Conductor: Marin Alsop
Rouse: Berceuse infinie
Mozart: Requiem in D Minor, K. 626
Benjamin Butterfield: Tenor
Michael Dean: Bass-baritone
Alisa Jordheim: Soprano
Diana Moore: Mezzo-soprano
University of Maryland Concert Choir
After an extremely satisfying concert by the National Symphony Orchestra with my friend Jennifer on Saturday night, I was getting mentally prepared for my concert by the Baltimore Symphony Orchestra with my friend Deborah and her friend Anne on Sunday afternoon. The program had the right balance of brand new with the world premiere of Baltimore-born Christopher Rouse’s “Berceuse Infinie”, which had been commissioned by the BSO, and quintessentially timeless with Wolfgang Amadeus Mozart’s magnificent Requiem, which he famously did not get to finish, but has always been one of his biggest hits.
Although I had been a regular at the Strathmore Music Center before moving to New York City, I had not been back in quite a few years. Despite being warned that the surrounding area was not what it used to be, my heart still sank when I saw the big fancy condos that have been built in the beautiful park next to the building, where refreshing strolls were encouraged and a deer sighting not unusual.
But here again, for the second time in my eventful D.C. weekend, music came to the rescue and healed all my wounds in the packed concert hall, even before the concert started as maestra Alsop warmly welcome everybody with her signature red cuffs and quirky introductions. Thankfully some things do not change.
Marin Alsop may have confessed that eons ago she fell for Christopher Rouse’s music because it was so unapologetically loud, but the work that the orchestra was presenting last Sunday certainly was anything but. In fact, true to its title, for the most part his “Berceuse Infinie” (Infinite Lullaby) quietly unfolded with a gently rocking rhythm, which discreetly highlighted the soberly beautiful melodies, the delicately nuanced colors, the finely crafted textures, a couple of outstandingly dramatic moments, and a few stunning lines for the cello. At barely 15 minutes, this exquisite lullaby for adults inconspicuously made us lose the sense of time and did bring us a little bit closer to infinity.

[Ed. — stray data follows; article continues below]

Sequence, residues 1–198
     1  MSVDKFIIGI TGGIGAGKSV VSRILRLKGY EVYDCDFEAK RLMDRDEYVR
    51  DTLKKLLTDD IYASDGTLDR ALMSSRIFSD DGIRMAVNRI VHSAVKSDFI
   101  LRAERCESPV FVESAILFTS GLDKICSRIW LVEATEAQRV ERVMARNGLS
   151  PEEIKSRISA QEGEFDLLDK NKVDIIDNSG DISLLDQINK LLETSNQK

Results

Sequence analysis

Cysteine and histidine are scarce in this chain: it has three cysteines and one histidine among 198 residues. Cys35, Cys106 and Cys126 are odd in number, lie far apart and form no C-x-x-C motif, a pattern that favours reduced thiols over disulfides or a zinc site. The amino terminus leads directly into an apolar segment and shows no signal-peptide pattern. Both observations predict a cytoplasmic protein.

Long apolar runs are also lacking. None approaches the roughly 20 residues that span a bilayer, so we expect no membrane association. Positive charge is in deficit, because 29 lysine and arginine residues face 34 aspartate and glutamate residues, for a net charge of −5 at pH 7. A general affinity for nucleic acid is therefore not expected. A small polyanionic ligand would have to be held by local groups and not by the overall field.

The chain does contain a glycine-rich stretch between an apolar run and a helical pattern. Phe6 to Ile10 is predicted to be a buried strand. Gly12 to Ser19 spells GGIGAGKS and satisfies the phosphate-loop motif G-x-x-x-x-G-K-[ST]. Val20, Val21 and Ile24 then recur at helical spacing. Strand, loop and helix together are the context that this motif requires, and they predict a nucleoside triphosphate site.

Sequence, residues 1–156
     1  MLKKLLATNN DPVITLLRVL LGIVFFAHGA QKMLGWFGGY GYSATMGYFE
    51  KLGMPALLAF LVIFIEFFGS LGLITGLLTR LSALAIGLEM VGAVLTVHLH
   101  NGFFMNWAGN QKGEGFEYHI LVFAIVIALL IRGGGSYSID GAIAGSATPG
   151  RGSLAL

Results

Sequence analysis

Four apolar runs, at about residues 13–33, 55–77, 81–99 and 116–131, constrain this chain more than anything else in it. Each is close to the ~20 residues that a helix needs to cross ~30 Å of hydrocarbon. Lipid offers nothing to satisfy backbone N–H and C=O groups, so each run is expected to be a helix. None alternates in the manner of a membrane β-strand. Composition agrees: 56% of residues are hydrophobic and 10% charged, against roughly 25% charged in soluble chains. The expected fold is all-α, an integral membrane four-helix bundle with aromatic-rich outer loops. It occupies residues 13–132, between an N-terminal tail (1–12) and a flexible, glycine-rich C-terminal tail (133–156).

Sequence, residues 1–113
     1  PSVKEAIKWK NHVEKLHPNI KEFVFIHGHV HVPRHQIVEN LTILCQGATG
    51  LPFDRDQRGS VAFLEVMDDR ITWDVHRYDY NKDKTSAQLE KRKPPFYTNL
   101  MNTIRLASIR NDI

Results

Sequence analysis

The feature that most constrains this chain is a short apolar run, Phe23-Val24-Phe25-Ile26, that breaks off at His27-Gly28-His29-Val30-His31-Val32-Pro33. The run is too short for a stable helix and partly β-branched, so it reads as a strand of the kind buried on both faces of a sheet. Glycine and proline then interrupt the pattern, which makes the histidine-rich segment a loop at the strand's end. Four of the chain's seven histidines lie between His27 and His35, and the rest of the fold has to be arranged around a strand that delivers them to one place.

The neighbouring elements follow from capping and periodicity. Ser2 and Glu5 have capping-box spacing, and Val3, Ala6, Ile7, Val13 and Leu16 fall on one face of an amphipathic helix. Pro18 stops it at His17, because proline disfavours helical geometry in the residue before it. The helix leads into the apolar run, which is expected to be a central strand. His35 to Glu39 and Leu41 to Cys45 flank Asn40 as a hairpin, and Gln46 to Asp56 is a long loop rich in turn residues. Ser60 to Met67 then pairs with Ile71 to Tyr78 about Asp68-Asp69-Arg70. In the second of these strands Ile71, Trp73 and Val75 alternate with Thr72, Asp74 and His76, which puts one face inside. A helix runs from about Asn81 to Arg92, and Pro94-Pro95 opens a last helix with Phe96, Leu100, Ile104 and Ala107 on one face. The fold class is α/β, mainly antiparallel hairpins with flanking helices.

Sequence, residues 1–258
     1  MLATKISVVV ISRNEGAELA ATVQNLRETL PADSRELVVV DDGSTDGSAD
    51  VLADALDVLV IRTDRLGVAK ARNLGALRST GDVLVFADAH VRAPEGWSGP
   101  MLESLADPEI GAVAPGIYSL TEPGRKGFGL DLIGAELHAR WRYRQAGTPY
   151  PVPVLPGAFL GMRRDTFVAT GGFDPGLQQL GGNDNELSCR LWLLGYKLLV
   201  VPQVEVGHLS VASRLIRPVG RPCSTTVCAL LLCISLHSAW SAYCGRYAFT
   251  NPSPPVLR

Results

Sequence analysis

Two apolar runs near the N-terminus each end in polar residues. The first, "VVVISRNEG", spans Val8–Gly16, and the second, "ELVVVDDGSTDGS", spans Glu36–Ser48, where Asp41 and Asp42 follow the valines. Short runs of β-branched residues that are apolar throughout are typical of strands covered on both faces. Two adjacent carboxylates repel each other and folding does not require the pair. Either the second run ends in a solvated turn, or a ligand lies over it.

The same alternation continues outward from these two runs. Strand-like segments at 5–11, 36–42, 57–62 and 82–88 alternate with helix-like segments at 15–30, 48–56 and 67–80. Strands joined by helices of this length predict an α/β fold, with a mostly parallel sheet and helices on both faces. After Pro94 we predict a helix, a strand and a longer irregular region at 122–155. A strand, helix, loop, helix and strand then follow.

Mozart’s Requiem never fails to attract large crowds in concert halls all over the world and last Sunday at Strathmore was no exception. And truth be said, the large crowd could not have been more mightily pleased with the exhilaratingly powerful performance that Marin Alsop got from the fired-up orchestra, the confident choir of young singers from the University of Maryland, and the four excellent soloists.
To add a new twist to my listening of the Requiem, and take full advantage of the perfectly balanced lighting in the hall, for the first time I decided to follow the entire piece on the lyric sheet as the music was going on, and quickly found the experience insightful and rewarding. Secure in my knowledge of the instrumental part, I was able to focus more on the words and therefore go up another notch in my already sky-high level of enjoyment of it.
On Sunday afternoon, the “Dies irae,” possibly the most popular movement of the entire composition, came out particularly muscular and, well, wrathful, soon followed by a gorgeously sad “Lacrimosa.” Of note were also the wonderful contrasts between the forceful assertiveness of the male voices in the “Confutatis” and the delicately ethereality of the female voices in the “Voca me.”
Throughout the performance the seasoned orchestra made the overly familiar piece sound fresh and exciting while the youthful choir made their palpable enthusiasm at tackling such a universal masterpiece crystal clear. Each of the four soloists fulfilled their parts with plenty of talent and commitment, adding strong individual voices to the larger ensembles. It was decidedly good to be back.